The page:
A Silkie Walks the Plank

Finish the coop, for crying out loud! Then we’ll go in!

This, possibly, is what half of my chickens were thinking for the past four months. I know it’s unlikely. The MO of chickens in general does not include much thinking. But I stand firm with the Queen in Alice in Wonderland, firm in believing impossible things, especially before breakfast.

           “Alice laughed: “There’s no use trying,” she said; “one can’t believe impossible things.”

            “I daresay you haven’t had much practice,” said the Queen. “When I was younger, I always did it for half an hour a day. Why, sometimes I’ve believed as many as six impossible things before breakfast.”

In any case, they finally – most of them, most of the time – go into the finished coop at night.  Yes, it’s finished. We put the chop saw away.

Possibly now that it’s colder the birds are further incentivized – it was 39F when I went out before breakfast this morning. The half of my chickens that I refer to is my Bridge Club — the silkies, d’uccle and black copper marans. (The Sewing Circle – the old auracana, Rhode Island reds, cinnamon queens and brahmas – have gone into their own coop at night from the start, though possibly the old girl led them.)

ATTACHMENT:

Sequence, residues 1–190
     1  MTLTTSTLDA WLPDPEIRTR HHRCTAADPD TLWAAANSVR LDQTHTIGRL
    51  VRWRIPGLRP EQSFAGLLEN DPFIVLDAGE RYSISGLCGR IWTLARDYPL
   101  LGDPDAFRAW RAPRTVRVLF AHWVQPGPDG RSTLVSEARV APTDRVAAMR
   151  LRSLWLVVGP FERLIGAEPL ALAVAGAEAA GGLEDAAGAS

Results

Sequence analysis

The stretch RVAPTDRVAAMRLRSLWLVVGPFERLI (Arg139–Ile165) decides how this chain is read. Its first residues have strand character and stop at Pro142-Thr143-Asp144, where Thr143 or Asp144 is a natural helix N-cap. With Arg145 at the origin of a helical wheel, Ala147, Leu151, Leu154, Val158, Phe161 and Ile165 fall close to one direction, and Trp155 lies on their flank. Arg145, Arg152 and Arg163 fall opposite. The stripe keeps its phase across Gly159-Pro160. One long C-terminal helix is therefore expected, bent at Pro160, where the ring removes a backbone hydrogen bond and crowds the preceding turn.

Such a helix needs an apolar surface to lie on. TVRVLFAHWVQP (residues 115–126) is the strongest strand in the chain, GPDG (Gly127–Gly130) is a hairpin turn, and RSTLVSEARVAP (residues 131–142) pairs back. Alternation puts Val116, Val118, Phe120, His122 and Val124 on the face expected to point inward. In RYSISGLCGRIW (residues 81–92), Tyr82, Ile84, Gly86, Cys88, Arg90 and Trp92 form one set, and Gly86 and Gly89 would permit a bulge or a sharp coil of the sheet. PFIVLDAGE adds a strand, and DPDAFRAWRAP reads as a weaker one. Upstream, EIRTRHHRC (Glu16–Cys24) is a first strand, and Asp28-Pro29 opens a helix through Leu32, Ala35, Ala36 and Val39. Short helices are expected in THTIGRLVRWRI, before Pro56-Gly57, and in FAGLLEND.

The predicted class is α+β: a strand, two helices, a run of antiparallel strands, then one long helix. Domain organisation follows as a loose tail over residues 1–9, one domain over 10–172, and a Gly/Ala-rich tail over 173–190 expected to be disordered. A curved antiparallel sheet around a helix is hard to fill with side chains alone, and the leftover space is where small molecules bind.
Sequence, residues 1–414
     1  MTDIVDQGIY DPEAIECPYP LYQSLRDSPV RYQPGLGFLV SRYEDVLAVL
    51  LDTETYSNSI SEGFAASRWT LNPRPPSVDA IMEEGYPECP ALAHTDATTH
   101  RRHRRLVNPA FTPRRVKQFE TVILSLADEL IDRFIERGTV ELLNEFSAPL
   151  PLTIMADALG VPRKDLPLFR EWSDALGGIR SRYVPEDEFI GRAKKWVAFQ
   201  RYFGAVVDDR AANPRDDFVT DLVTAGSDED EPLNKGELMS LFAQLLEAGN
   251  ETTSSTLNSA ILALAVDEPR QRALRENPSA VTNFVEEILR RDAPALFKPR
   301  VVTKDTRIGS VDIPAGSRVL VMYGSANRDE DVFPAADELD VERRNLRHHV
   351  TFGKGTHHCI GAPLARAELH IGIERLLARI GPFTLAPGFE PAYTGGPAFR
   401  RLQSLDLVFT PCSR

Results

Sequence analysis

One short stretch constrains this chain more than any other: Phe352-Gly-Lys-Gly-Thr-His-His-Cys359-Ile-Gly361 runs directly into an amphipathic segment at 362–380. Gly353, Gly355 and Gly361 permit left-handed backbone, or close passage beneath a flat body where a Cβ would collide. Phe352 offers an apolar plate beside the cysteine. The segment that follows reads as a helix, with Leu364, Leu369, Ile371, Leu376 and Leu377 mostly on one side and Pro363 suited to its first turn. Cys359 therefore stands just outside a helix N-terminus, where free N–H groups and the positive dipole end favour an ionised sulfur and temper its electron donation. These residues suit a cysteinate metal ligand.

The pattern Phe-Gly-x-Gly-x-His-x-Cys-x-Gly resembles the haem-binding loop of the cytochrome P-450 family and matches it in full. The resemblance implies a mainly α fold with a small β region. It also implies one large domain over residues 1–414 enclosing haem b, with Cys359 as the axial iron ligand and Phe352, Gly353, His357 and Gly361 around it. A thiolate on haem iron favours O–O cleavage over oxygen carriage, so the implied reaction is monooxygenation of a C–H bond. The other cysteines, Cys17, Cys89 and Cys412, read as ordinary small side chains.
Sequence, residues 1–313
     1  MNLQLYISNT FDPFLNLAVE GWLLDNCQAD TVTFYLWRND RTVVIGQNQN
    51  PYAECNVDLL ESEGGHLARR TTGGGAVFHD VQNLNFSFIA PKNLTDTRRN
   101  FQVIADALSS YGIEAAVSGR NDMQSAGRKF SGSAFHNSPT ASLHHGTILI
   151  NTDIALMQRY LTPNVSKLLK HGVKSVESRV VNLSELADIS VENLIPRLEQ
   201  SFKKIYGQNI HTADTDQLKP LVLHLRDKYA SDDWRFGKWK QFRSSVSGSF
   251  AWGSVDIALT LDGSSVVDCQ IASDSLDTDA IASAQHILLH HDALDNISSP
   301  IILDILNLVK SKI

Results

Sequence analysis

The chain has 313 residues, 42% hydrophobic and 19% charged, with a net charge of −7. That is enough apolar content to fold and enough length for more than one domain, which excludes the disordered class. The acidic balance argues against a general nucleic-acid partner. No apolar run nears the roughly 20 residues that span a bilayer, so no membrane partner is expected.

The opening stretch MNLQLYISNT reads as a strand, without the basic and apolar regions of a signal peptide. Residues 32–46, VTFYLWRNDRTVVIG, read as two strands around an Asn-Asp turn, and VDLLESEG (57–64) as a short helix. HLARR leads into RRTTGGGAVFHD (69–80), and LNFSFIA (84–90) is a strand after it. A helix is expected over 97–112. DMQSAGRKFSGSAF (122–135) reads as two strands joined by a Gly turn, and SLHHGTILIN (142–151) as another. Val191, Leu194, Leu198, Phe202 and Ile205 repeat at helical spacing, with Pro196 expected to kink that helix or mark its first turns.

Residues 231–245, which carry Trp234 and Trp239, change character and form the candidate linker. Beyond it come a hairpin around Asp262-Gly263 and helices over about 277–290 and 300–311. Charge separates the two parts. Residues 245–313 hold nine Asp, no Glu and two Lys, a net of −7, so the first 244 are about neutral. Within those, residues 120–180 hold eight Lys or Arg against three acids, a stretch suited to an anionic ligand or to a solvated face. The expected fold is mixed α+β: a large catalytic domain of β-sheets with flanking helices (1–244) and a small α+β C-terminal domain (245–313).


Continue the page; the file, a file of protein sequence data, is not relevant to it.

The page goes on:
What’s funny is watching the Bridge Club come out in the morning. As I approach the coop area, I see them through the large window on the side. Do you? That’s Miss D’uccle standing front and center.

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As I get closer, I see her competing for the window space with a black copper maran in front of her and a silkie behind her.

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To let them out, I lift the door that slides up and down behind the egg door by way of a string attached to an eye hook inside.

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They’ve seen me. They hear me. They are waiting with bated breath.

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C’mon! Hurry up!

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Out! Freedom!

They can hardly get out fast enough. In a matter of seconds they are out the door and on the ground. They don’t go down the ramp. They jump off the platform with wings out. They land. They keep going. Move, sister!

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Hey, I was first!

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We’re coming too!

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All except for one.

One white silkie is not so sure. She does this every day. Hey, where’d y’all go?! It’s really quite cozy in here. Can’t we stay in a while longer?

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Again today, she stayed and thought about it. She shuffled. She hemmed. She hawed.

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Finally she ventured. Sort of.

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The others were by now busy fanning forth, finding food, feeling fine, facing fate, flaunting feathers, fluttering fancifully, forgiving faults, fostering friendships and formulating fragments of fowl facts for future fame.